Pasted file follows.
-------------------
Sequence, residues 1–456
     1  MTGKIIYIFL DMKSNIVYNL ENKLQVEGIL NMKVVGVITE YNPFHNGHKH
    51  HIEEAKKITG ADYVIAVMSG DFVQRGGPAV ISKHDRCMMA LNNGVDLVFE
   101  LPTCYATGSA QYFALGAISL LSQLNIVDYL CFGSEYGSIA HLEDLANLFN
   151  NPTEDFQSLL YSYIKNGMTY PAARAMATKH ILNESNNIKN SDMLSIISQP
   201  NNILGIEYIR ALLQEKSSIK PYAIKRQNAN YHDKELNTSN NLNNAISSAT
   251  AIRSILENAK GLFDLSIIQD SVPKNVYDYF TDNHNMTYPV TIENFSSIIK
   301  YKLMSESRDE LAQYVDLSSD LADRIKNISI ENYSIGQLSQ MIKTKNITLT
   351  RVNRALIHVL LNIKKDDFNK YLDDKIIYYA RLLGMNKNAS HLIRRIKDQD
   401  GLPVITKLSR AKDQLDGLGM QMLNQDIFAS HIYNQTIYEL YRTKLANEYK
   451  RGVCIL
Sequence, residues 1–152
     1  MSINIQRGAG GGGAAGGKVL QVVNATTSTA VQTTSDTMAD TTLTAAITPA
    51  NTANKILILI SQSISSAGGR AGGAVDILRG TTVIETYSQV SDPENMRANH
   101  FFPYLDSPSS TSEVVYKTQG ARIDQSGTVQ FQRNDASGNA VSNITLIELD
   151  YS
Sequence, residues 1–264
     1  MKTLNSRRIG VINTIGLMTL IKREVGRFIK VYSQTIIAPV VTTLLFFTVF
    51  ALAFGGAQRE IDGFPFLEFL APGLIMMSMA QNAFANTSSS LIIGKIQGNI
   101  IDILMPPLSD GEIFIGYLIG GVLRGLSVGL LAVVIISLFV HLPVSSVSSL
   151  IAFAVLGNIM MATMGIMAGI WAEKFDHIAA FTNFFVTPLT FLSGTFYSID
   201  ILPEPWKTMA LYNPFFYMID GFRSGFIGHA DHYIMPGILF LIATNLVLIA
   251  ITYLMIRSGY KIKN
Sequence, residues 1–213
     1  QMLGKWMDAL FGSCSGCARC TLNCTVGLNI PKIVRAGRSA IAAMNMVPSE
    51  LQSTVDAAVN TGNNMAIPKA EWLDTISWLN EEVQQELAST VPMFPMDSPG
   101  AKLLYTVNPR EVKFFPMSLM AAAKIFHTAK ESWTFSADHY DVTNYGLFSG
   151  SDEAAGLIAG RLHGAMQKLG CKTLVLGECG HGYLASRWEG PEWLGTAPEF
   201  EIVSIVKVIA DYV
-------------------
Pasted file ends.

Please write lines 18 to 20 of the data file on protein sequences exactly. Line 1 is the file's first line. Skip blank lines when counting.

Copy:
     1  MKTLNSRRIG VINTIGLMTL IKREVGRFIK VYSQTIIAPV VTTLLFFTVF
    51  ALAFGGAQRE IDGFPFLEFL APGLIMMSMA QNAFANTSSS LIIGKIQGNI
   101  IDILMPPLSD GEIFIGYLIG GVLRGLSVGL LAVVIISLFV HLPVSSVSSL